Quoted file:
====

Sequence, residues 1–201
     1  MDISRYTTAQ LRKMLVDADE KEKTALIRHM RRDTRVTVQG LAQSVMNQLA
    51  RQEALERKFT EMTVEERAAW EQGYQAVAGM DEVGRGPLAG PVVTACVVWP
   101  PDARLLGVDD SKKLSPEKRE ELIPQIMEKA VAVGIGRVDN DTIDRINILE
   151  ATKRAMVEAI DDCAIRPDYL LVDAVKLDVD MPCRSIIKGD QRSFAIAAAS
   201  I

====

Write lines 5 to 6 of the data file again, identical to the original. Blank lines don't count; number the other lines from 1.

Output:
   151  ATKRAMVEAI DDCAIRPDYL LVDAVKLDVD MPCRSIIKGD QRSFAIAAAS
   201  I